Washington Post – Arctic Refuge Base Camp

Washington Post – Arctic Refuge Base Camp


June 28, 2024 - July 1, 2024


Arctic National Wildlife Refuge





June 28, 2024 - July 1, 2024


Arctic National Wildlife Refuge



There is no place quite like the Arctic National Wildlife Refuge when the sun shines day and night on the endless rolling tundra, and the frozen ground bursts with flowers and bird song.


One of our favorite places in the Arctic Wildlife Refuge is north of the Brooks Range, near the Arctic Ocean just inland from Camden Bay. It is the most scenic part of the 1002 area and in recent years the Porcupine Caribou Herd has also favored this area, making it a great place to enjoy the wide open beauty of the refuge and a decent place to look for wildlife too. Nothing can be guaranteed with wildlife, but a few years ago we guided a trip in the same area on similar dates and thousands of caribou streamed through the valley on two separate days.

Regardless of what the area’s wildlife does, we will explore the tundra on foot each day. With 24 hours of daylight and nearly limitless wilderness all around, there is no end to the exploration we can do. Each day we will head off in a different direction seeking wildlife and vistas. How far you choose to hike each day is largely up to you. We can ascend small esridg for views of the coastal plain and the Arctic Ocean, or we can hike the beach searching the wrackline bits of history and natural history. Our only limits are our imaginations (and/or safety).

Our home for the week will be a comfortable tent camp. Flat tundra makes an excellent camp, three square meals a day plus a small clear creek in the front yard means we are comfortable and at our leisure to enjoy the wilderness. Our camp will have a world-class view and as many amenities as we can fit into the small bush planes. A large “cook-tent” provides a sheltered place to prepare and enjoy wholesome meals. Tents are spacious, and wind worthy. When the weather is mild we enjoy the comfort of outdoor living relaxing in camp chairs, eating good food, and watching the changing light on the mountains, even at two in the morning.

We expect this to be a fun and productive trip to the Refuge for you.

Last updated: April 25, 2024


What follows is a general flow of events. Expect the unexpected and prepare to be flexible.

June 27

Meet your guide for a pre-trip meeting at 4 p.m. in Fairbanks at Arctic Wild headquarters. 


June 28

Fly 350 miles north from Fairbanks, across the Yukon River and the Arctic Circle directly to the Arctic Refuge. Once we have all arrived, we will make camp and enjoy the first of many hikes.

June 29 - 30

Each day will bring its own surprises.  The hiking will be varied from soft tundra to long gravel bars to sandy beaches. With luck there will be caribou and other wildlife to enjoy near camp. The camping is excellent and the scenery unbeatable.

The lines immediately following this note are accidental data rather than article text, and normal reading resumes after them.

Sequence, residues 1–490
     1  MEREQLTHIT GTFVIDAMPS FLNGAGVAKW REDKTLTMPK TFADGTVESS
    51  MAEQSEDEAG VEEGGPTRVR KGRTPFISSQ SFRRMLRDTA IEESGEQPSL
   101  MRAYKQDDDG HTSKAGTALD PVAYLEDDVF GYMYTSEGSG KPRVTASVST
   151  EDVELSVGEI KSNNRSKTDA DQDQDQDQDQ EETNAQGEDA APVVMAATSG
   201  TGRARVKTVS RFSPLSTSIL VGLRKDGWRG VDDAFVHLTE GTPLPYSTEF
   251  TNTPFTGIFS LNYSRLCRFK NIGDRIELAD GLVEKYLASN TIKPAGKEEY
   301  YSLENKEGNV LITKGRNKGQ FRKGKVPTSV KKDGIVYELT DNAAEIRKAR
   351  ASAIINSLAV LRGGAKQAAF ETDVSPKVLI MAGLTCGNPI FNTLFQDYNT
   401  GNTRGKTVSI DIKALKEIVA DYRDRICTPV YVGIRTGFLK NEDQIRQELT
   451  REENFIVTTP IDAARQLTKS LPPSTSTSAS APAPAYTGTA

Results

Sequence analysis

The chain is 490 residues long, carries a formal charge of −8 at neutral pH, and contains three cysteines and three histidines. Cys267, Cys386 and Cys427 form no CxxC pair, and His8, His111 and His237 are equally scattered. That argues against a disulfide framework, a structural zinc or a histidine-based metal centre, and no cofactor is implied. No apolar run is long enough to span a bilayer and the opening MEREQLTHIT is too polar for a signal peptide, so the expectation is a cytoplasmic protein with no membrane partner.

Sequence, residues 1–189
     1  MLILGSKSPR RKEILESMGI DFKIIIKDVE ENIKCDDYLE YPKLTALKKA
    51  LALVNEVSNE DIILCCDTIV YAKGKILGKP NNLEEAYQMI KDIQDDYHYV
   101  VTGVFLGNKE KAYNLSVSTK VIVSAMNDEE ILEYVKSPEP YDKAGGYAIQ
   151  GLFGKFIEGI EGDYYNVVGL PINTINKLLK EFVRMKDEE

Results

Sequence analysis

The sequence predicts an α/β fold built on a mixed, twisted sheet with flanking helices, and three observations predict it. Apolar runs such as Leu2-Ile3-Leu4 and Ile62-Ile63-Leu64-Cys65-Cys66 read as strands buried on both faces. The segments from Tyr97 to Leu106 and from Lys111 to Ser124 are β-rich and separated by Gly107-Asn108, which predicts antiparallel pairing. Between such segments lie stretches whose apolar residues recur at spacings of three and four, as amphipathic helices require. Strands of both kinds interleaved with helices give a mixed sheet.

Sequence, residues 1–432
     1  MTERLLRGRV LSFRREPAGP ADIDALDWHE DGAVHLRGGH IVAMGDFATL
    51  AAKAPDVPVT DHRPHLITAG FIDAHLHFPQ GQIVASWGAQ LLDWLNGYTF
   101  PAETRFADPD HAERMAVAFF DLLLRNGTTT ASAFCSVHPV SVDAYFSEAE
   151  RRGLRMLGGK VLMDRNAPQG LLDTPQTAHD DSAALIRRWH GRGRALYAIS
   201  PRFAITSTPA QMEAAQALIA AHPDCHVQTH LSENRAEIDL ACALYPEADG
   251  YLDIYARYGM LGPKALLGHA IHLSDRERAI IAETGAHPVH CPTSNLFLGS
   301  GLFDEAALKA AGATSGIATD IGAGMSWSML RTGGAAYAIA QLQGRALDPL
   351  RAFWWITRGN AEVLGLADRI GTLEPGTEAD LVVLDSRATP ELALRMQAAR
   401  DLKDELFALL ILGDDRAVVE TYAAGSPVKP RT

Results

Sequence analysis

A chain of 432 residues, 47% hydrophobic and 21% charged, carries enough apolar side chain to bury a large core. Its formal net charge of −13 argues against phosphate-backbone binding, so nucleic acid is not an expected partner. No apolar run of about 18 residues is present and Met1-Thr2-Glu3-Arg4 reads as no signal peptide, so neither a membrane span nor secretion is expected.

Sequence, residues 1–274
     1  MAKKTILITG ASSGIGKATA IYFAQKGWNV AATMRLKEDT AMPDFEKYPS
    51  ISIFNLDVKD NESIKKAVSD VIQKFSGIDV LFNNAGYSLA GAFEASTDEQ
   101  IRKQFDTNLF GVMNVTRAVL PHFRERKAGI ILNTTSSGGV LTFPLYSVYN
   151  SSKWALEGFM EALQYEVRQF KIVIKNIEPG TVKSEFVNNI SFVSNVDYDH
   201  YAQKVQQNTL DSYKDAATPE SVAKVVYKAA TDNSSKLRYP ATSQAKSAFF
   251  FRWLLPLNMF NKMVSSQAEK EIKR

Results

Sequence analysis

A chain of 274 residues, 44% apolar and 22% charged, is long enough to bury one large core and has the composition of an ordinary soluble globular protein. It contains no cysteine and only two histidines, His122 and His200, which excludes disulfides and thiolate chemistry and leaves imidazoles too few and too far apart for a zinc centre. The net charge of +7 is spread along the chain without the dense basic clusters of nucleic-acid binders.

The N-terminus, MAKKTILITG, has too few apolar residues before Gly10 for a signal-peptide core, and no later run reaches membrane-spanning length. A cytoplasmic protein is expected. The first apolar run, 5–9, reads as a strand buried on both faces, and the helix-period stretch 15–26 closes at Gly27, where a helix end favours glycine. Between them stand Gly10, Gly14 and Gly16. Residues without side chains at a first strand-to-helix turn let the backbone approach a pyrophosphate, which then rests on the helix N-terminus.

July 1

Pack up early and begin listening for our airplane. When it arrives we reluctantly load our gear and ourselves for the flight back through Arctic Village (or possibly Barter Island) and on to Fairbanks, arriving late in the afternoon. A shower is in order.

Michael listened to our descriptions of what we wanted in a trip and investigated the possibility of making that sort of trip happen. Unlike some other guide services, he was attuned to what we were saying and did not outright say he could not accommodate us because Arctic Wild only provided trips like X, Y, or Z. In my opinion, the major difference between Arctic Wild and the 4 other guide services I talked to was that Michael tried to design a trip meeting our trip objectives and wishes.

- Rochelle , Missouri, USA



Transportation beyond Fairbanks

Food while in the wilderness

Stoves, cooking & eating utensils

Select camping equipment is available through Arctic Wild

Professional guide service


Non-camp lodging

Non-camp meals

Personal clothing and gear per our Equipment List

Additional charter time for aerial footage nor any battery charging apparatus


Weather this time of year is typically dry and this is the warmest part of the year, though we can get some powerful storms that can either rain or snow on us.  Precipitation is generally light, and it’s fairly easy to keep comfortably dry. You can expect temperatures to range from the 30s to the 70s.  Mosquitoes could be bothersome if the wind drops but usually there is breeze enough to keep them down. Bring DEET and a head-net just in case.


Naturalists Guide to the Arctic by E.C. Pielou

Being Caribou by Karsten Heuer

Arctic Dreams by Barry Lopez;

Caribou & the Barren-Lands by George Calef

Fifty Years Below Zero by Charles Brown

Seasons of Life and Land by Shubanker Banjeeri

Arctic Wings by Stephen Brown

More Alaska reading is available from our Bookstore.

"The wilderness was spectacular, the leadership perfect."
"I am just finishing my tenth trip with you guys. As always, the trip was more than I expected and I had a great time. See you next year!"
"Of all outfitters with whom we have worked (and that is quite a number), you were by far the most organized and responsive."
"That feeling of wide open wonder, the possibilities for nearly limitless wandering, and the image of those proud caribou...that will stay with me a long time"
"Our guide was an encyclopedia on legs. He was always willing and ready to teach, to talk, to listen, to do another hike, or to lie low in camp if we were beat. He truly gave us the trip we wanted!"
client client client client client
Eileen - Canning River